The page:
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Sorry for my many posts on http://www.nytimes.com/interactive/2014/09/19/travel/reif-larsen-norway.html?smid=tw-nytimes&_r=0 but this travel article just charmed me. What's this kind of writing called?

This non-fiction travel article talks about a person's direct 100% factual experiences, is excellently written like fine English literature but is NOT actually a dreamy, fanciful, fictive, imaginative literary work and offers life lessons and edifying observations.

Verlyn Klinkenbourg writes slightly too lyrically for me and doesn't always educate on or uplift life.

1) I want to read more writing like this which don't have to be short articles. But I'm NOT searching for those travel guides or popular travel writing that just jabbers and spouts travel facts, details, and the like, with writing at the middle-school level.

2) To boot, what are some adjectives that describe this kind of writing that I missed? Many thanks.

  • Does this article fall in the same genre? "Mother Earth Mother Board: The hacker tourist ventures forth across the wide and wondrous meatspace of three continents, chronicling the laying of the longest wire on Earth." archive.wired.com/wired/archive//4.12/ffglass_pr.html (The article originally appeared in the December 1996 edition of Wired, along with wonderful photographs.) – Jasper Sep 29 '14 at 16:18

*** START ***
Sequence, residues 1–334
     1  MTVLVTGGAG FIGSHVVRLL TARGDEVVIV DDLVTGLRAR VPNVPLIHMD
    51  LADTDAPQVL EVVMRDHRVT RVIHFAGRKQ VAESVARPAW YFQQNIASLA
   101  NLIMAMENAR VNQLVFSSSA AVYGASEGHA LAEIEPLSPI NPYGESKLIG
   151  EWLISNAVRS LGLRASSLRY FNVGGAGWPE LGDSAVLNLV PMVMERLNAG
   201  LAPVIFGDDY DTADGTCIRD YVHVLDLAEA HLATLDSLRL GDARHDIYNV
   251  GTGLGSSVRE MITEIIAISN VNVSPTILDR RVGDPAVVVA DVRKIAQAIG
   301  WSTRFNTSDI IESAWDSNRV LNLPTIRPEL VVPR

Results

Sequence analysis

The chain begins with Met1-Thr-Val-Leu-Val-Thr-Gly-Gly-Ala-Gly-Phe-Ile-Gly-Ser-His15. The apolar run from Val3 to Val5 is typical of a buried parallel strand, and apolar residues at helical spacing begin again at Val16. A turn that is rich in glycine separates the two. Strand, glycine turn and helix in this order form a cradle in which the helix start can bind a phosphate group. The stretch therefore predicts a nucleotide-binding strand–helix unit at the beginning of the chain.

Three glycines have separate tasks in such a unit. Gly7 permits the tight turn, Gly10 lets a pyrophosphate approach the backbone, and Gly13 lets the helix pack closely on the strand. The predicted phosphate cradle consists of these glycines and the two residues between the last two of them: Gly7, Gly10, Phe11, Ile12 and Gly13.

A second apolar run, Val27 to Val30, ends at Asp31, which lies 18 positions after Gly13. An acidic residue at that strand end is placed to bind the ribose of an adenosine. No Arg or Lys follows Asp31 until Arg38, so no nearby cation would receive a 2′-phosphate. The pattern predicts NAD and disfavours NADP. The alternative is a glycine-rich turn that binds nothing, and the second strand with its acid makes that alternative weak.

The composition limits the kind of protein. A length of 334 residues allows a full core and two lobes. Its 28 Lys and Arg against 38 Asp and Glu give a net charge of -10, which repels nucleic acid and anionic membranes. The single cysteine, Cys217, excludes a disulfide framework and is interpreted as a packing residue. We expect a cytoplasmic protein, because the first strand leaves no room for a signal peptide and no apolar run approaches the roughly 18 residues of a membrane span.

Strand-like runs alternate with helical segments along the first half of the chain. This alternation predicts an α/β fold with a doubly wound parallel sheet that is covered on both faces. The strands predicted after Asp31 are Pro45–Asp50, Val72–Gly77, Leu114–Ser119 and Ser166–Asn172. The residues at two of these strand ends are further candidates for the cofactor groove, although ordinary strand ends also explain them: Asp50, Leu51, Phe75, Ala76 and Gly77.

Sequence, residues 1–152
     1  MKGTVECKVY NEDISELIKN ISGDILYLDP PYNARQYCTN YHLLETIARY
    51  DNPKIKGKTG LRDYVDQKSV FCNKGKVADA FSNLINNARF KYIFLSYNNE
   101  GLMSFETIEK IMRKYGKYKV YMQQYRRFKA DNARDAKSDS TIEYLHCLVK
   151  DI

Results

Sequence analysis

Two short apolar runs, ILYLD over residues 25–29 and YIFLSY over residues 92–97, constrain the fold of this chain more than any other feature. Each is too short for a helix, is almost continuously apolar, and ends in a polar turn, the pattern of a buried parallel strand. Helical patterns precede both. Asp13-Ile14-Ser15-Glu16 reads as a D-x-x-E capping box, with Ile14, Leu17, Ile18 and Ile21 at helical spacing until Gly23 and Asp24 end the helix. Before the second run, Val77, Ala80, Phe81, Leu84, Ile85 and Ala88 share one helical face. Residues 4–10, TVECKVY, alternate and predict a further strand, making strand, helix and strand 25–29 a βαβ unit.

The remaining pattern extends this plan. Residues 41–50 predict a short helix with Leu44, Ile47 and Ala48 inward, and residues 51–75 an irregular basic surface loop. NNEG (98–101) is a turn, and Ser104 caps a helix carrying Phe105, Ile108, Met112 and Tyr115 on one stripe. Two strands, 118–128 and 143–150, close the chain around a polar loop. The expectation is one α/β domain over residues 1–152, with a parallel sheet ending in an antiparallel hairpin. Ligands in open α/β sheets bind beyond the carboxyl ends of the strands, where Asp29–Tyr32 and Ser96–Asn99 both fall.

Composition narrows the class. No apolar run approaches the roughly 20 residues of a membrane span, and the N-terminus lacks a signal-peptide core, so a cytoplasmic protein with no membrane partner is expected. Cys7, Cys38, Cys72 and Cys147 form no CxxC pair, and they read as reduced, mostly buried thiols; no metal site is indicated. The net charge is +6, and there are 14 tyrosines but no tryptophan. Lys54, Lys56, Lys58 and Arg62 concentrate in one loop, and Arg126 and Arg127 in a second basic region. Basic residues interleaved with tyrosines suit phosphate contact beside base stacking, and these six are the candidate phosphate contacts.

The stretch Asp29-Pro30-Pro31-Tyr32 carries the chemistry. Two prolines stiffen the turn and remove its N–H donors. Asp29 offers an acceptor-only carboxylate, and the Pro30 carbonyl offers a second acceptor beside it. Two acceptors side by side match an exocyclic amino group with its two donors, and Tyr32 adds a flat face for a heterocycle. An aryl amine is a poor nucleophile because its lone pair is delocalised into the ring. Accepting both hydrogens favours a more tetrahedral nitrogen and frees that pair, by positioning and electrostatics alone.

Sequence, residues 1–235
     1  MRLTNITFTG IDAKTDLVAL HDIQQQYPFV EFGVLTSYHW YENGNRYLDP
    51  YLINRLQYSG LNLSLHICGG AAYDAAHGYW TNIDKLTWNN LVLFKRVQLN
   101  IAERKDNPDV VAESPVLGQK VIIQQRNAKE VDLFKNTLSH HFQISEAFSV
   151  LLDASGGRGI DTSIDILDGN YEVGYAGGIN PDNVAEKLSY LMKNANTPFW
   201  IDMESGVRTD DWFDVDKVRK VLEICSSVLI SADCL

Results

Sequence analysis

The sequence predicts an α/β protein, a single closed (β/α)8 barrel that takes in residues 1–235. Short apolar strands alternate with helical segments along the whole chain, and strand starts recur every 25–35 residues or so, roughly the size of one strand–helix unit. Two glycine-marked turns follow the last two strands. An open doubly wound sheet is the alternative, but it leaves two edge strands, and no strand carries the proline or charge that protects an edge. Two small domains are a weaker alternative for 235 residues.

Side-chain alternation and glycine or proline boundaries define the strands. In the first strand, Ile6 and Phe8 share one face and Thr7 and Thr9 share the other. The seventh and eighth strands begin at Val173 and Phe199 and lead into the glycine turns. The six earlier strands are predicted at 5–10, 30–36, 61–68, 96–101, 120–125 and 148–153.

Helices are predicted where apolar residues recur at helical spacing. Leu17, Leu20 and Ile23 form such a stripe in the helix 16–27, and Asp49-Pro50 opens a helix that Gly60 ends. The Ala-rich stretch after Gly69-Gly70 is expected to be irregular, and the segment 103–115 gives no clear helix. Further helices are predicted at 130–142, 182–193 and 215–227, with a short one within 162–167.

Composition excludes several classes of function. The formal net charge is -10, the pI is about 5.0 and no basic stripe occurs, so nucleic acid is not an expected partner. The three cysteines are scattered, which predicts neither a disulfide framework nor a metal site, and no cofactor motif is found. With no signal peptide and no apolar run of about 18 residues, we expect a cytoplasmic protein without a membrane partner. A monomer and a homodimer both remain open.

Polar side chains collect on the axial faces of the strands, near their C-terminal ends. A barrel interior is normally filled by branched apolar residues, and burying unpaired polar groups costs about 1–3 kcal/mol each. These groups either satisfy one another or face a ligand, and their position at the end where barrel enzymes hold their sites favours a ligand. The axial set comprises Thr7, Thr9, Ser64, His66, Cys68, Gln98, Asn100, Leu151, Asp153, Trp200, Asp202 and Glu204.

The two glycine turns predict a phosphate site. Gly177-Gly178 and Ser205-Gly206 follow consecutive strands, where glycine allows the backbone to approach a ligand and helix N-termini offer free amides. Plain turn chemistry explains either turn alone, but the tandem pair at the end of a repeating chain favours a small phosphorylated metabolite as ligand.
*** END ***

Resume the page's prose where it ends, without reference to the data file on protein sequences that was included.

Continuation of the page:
• Among a few things I think I would call the mentioned piece of writing are a prose, a personal essay, and a short story. – Damkerng T. Sep 29 '14 at 16:22
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There is a 20th century word for it:

travelogue:

A film, book, or illustrated lecture about the places visited by or experiences of a traveller. (ODO)

It is a new word, but it's gaining popularity

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I don't think there's a single word for what you described. You should probably be looking for non-fiction literature, and creative nonfiction in particular. Those are broad terms, though, and will probably include those "dreamy and fanciful" works too. You'll need to be your own judge :)

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